Below are some pictures I took on our journeys and some descriptions. If you have the time definitely get the sleeper trains in Thailand! There is some video of the trains and beds in my Planes, Trains and Tuk Tuk’s video here.

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Surat Thani Station
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The trains are quite long so give yourself lots of time to get to your carriage

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Outside the station there were lots of people sleeping overnight to wait for their morning train. I think some of these people were homeless as well.
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The Monks get their own waiting area. I did ask permission to take this and they kindly let me.
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If you don’t buy your tickets online then you can buy here. I am not sure how much of a challenge this is but most likely easier than buying train tickets in India which is whole other story that I will write about sometime.
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We got the train to Chiang Mai the first time.
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Head to this car when it gets light out to get a nice view.
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Some last minute welding…
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Comfortable lower bunk. We put our big backpacks in their flight bags as the train stops very often and people get on and off a lot so you never know if someone might try to steal things while you sleep.
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I am 6ft tall and was comfortable on the lower bunk. The upper was long enough but a bit narrow for me. This was partially because I slept with my camera bag next to me for safety.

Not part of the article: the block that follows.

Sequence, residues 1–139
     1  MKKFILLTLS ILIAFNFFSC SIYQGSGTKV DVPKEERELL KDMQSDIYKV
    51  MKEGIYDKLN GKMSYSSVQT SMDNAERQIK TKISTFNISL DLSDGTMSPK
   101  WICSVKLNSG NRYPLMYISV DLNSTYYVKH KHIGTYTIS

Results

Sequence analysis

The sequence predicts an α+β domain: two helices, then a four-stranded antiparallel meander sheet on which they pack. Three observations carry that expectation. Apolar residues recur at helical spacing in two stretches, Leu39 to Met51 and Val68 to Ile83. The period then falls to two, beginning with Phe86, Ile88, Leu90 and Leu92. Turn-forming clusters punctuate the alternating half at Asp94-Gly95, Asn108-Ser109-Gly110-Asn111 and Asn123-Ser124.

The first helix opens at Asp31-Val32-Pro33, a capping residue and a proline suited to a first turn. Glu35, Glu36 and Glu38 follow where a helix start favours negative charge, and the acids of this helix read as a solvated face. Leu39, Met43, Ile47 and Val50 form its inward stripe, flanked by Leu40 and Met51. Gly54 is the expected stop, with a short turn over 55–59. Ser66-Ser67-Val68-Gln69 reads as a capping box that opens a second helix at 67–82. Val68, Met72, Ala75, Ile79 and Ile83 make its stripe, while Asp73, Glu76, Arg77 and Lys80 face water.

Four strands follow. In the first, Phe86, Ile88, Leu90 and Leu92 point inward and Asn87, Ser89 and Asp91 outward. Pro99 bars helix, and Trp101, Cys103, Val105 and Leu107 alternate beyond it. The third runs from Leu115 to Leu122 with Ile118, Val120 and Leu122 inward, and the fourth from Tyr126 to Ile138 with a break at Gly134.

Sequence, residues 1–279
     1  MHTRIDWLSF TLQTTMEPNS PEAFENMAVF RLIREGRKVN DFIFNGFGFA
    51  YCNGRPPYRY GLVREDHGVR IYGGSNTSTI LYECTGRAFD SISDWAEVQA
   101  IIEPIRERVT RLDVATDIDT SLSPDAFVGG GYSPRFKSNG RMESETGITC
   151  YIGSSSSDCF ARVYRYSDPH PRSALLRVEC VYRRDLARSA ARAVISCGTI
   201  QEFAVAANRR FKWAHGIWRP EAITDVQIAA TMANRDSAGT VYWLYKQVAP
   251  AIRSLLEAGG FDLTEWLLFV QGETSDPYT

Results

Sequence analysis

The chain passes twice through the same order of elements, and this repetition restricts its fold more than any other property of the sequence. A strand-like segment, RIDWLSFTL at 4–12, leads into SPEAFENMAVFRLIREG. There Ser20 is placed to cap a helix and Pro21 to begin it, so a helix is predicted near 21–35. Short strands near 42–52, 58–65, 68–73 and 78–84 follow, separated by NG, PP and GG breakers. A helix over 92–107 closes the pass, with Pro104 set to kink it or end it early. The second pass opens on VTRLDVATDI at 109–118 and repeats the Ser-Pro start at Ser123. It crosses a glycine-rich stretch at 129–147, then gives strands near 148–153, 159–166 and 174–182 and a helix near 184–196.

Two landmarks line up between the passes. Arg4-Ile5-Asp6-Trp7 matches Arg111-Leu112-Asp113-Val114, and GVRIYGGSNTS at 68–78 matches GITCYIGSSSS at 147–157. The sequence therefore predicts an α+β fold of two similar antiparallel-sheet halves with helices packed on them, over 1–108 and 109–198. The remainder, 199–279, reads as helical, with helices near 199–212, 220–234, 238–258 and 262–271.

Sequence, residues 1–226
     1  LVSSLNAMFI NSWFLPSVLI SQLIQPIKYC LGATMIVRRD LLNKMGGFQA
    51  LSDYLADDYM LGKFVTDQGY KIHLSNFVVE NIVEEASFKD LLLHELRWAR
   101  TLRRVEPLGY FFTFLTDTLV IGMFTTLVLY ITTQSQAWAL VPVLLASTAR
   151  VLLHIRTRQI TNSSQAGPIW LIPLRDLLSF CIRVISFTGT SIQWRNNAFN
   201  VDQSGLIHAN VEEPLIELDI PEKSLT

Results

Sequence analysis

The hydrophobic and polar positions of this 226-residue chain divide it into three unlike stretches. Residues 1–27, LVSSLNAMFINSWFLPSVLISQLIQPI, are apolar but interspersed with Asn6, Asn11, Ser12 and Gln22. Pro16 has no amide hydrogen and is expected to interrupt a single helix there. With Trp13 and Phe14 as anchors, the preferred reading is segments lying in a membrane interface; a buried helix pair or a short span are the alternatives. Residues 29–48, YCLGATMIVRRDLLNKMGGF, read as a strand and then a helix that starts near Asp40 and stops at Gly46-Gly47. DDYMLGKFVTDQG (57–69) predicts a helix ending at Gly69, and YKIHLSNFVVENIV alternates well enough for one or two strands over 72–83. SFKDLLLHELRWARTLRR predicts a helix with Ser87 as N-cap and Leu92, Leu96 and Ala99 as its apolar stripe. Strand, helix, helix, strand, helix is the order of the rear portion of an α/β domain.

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Beautiful scenery on the way to Chiang Mai.

 

Wildlife of British Columbia, Yukon Territory and Alaska

Source: Wildlife of British Columbia, Yukon Territory and Alaska

Wildlife of British Columbia, Yukon Territory and Alaska

Below are some of the pictures of wildlife that we saw travelling through Alaska, The Yukon Territory and British Columbia. The most common large animal we saw were Black Bears which, particularly in Northern British Columbia are a common roadside sight.  If you are willing to get up early when driving the Alaska Highway you will see lots of Black Bears.  Early is about 5am if you go in the summer as it gets light so early in Northern BC.  Further north it is always light out so it didn’t seem to matter much when we looked for animals.

I thought we would see more Grizzly / Brown Bears but actually only saw one in Valdez and lots of them in Denali National Park.  Other than that we could not find them despite finding many signs of them.

Moose again were not common to see, we saw a few while driving but they are hard to spot.  In Denali National Park we saw many moose.  Some were far away that we had to look at through binoculars and a couple were right by the road.

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Moose
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Ptarmigan
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Grizzly / Brown Bear
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Fritillary Butterfly